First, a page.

Why are prairies important?

Tallgrass prairies are unique and complex ecosystems packed with many varieties of grasses, flowers, trees, birds, mammals, insects, and microorganisms. Tallgrass prairies give us many things and protect our environment.  For example:

  • Prairies produce some of the richest soil in the world. The many diverse plant and animal species in the original Iowa tallgrass prairies went through decomposition cycles for thousands of years, leading to the formation of deep, rich soil that covers most of Iowa. Prairies continue to enrich the soil today.
  • Prairie soil grows healthy crops to feed animals and provides thousands of products for people. Rich prairie soil provides nutrients and texture to grow healthy, high-yielding crops such as corn and soybeans. Corn is a tallgrass and soybeans have characteristics similar to forbs found in prairies. Farm animals consume most of the corn and soybeans and their waste products feed the soil. Iowa’s rich soil has made the state tops in agricultural production and exporting in the United States. That translates into economic support for families and communities.
  • Prairie plants improve water quality. The number one water quality problem in agricultural states such as Iowa is sediment control. The density of plants on top of the soil prevents wind erosion, and deep, complex root systems prevent water erosion. Prairie plants hold topsoil in place, which reduces the amount of soil washing into streams and rivers. Plants also act as a water filtration system, cleaning water as it passes through to underground aquifers.
  • Prairies provide habitats for several native plants and animals. As prairies disappeared across Iowa, so did several plant and animal species. Plants and animals live together in communities where they are dependent on natural resources and each other to survive. The disappearance of one species can upset an entire ecosystem. Maintaining native ecosystems such as prairies across Iowa is important to maintaining balance and harmony in our environment.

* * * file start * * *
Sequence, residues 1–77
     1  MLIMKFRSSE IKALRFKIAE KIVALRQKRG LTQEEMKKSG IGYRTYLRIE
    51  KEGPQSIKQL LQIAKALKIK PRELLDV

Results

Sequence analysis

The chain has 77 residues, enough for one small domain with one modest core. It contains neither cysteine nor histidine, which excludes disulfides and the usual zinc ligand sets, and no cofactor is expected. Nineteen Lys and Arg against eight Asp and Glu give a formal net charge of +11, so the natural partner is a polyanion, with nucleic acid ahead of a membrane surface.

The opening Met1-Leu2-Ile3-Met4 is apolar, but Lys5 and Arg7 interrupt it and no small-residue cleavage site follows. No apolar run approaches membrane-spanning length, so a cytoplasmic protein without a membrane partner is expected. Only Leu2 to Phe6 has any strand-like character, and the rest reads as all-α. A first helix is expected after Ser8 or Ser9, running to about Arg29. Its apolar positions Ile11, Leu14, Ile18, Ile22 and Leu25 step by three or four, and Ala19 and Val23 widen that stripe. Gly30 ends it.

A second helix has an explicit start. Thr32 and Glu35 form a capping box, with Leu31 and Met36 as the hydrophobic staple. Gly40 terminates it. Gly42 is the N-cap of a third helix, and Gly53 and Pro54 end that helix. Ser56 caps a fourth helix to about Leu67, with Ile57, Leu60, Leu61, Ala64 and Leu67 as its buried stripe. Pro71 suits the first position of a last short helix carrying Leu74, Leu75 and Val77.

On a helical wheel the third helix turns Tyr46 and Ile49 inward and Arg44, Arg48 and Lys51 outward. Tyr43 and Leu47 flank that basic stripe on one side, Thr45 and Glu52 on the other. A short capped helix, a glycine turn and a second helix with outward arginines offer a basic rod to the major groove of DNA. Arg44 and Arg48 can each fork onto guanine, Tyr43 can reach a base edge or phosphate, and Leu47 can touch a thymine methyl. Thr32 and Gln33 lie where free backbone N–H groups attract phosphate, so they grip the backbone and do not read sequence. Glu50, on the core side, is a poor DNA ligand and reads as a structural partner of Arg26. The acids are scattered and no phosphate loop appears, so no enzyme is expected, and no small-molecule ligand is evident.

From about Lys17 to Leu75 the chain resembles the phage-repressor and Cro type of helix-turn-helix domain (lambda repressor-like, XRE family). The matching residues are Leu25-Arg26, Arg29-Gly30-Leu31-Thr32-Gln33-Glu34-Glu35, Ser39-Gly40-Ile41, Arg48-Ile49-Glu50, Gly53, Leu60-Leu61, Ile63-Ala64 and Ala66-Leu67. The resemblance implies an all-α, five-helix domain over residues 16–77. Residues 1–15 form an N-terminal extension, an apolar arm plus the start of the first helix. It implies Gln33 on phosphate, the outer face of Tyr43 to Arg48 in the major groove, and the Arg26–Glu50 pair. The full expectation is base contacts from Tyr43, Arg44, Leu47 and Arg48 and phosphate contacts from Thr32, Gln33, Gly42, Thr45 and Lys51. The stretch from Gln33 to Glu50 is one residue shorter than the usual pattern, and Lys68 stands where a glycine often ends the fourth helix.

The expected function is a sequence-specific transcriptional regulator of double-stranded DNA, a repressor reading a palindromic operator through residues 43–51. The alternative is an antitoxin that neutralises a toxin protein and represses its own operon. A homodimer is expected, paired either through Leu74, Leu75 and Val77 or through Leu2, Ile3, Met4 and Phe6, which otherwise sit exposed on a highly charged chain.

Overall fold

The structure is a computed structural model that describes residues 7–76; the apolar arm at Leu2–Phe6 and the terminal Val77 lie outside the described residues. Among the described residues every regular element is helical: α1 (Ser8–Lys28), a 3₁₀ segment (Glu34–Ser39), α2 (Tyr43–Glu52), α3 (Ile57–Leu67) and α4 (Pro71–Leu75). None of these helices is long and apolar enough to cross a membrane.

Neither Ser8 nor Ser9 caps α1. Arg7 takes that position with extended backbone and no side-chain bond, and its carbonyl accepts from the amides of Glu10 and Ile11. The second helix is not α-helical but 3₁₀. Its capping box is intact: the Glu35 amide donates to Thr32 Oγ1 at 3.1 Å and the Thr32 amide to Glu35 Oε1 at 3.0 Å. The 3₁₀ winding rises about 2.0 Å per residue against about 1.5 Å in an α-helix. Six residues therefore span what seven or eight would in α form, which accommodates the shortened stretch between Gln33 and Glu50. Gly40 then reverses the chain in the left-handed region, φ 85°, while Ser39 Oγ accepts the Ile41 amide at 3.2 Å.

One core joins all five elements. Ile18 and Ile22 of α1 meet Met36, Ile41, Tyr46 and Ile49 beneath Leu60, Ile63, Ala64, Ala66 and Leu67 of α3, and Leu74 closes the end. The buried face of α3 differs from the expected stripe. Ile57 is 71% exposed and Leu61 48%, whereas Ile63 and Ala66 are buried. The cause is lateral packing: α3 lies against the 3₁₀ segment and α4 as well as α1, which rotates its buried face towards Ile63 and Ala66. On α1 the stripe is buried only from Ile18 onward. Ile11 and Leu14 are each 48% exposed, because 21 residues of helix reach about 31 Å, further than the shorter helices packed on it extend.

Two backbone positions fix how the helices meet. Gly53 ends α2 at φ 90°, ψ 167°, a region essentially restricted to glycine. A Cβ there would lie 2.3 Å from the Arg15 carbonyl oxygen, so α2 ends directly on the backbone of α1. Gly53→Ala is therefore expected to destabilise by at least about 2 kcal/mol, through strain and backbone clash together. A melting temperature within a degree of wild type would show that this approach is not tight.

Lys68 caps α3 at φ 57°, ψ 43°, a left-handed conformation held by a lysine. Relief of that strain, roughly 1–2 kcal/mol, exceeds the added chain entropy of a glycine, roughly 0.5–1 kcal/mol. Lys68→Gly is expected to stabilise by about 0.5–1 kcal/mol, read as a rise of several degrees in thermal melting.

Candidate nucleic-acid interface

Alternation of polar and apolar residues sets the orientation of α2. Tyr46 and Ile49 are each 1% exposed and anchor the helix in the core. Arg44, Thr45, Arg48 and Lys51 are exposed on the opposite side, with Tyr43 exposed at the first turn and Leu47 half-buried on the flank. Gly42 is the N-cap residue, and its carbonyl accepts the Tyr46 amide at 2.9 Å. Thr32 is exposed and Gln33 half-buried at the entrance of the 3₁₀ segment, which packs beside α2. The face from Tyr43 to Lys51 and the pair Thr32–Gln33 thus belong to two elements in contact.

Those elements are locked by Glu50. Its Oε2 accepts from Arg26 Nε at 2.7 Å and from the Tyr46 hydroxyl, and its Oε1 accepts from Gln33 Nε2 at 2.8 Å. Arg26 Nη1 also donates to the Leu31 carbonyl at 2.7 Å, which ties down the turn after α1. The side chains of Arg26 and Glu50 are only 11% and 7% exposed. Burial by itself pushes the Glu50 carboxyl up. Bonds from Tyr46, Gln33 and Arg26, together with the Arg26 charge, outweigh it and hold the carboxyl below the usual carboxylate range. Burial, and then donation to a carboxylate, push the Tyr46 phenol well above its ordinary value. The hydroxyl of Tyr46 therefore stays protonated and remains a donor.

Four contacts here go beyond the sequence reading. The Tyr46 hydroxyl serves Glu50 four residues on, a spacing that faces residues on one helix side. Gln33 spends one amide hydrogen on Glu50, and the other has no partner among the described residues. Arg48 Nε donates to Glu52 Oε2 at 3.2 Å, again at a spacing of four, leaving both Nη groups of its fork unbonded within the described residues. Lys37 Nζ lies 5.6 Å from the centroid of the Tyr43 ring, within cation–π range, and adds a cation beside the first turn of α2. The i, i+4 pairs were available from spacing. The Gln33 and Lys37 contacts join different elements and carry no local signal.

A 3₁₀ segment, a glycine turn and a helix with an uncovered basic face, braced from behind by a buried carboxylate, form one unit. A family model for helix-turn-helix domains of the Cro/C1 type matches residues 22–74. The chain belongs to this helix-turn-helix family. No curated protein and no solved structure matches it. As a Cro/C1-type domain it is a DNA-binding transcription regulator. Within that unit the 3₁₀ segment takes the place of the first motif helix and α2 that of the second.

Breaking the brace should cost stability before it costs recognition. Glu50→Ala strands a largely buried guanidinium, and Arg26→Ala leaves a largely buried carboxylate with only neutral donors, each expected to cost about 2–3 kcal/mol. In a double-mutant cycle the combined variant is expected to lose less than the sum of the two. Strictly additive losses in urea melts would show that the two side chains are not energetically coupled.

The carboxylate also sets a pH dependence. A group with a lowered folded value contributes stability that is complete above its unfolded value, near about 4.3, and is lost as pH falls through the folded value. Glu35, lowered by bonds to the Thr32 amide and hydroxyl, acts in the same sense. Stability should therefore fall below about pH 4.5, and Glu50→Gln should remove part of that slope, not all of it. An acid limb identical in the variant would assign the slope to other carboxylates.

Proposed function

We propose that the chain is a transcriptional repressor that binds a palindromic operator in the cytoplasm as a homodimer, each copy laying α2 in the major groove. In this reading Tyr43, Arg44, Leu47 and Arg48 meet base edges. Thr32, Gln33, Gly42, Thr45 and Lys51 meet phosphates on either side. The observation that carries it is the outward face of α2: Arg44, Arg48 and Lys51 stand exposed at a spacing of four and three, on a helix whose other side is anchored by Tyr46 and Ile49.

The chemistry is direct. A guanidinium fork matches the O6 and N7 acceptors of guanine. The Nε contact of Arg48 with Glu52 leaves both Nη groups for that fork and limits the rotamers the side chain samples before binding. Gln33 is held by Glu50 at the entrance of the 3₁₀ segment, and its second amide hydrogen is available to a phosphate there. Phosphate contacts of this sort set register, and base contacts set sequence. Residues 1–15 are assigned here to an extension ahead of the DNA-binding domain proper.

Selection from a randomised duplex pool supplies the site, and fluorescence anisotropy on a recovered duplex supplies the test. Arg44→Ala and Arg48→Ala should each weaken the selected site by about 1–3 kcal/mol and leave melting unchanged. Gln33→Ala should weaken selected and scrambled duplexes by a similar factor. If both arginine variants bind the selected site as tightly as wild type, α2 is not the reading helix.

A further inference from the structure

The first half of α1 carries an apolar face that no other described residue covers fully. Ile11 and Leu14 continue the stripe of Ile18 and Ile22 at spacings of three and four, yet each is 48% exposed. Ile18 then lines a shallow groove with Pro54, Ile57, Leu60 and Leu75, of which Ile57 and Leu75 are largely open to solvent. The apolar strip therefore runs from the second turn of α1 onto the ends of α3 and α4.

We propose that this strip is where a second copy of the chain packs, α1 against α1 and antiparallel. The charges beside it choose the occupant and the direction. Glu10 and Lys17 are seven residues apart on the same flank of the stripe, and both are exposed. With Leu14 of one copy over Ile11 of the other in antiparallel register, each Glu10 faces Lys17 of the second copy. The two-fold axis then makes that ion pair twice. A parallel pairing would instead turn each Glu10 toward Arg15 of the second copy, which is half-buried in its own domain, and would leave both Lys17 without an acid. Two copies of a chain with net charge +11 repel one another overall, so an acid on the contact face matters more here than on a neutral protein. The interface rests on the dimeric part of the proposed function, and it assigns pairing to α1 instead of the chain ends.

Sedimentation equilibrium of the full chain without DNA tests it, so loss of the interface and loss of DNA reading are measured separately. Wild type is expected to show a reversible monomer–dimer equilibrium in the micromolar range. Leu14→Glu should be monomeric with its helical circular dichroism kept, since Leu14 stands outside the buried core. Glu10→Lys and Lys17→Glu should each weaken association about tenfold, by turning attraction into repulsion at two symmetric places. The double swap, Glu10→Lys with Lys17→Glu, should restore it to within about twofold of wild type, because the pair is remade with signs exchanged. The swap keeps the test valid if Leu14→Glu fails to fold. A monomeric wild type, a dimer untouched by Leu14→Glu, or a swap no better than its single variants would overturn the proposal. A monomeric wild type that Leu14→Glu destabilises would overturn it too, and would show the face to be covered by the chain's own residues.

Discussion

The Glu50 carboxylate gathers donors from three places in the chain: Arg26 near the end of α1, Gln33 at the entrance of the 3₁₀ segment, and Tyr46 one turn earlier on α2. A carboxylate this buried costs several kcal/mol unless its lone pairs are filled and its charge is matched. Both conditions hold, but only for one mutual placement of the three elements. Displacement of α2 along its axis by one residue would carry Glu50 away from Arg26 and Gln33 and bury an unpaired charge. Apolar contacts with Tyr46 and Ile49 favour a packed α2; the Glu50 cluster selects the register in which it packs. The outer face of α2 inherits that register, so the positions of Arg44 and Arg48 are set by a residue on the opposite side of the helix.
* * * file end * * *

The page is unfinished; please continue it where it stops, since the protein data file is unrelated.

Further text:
Resources on Native Prairie Plants and Prairies:
  • Iowa State University Extension and Outreach, Introduction to Iowa Native Prairie Plants (SUL 0018), 2007 (Download PDF Here)
  • Iowa State University Extension and Outreach, Prairies and Native Plantings as Outdoor Classrooms (SUL 0019) (Download PDF Here)
  • Iowa Living Roadway Trust has a series of informative prairie posters and other publications. Support for the publications listed  came from the Iowa Department of Transportation Iowa Living Roadway Trust.
  • Iowa Department of Natural Resources. Iowa - A Portrait of the Land, 2000. ISBN: 0-96787-860-8.
  • Kurtz, Carl. Iowa’s Wild Places. Iowa City, Iowa: University of Iowa Press. Reprint date has not been set. ISBN 1-58729-563-6.
  • Kurtz, Carl. A Practical Guide to Prairie Reconstruction. Iowa City, Iowa: University of Iowa Press, 2001. ISBN 0-87745-745-X.
  • Madson, John. Where the Sky Began: Land of the Tallgrass Prairie. Iowa City, Iowa: University of Iowa Press, 2004. ISBN 0-87745-861-8.
  • Stone, Larry A. Listen to the Land. Parkersburg, Iowa: Mid-Prairie Books, 1999. ISBN 0-93120-82-X.
  • Thompson, Janette. Prairies, Forests, & Wetlands: the Restoration of Natural Landscape Communities in Iowa. Iowa City, Iowa: University of Iowa Press, 1992. ISBN 0-87745-371-3.
  • Camp Silos (website for Silos and Smokestacks National Heritage Area)
  • Neal Smith National Wildlife Refuge, Prairie City, Iowa
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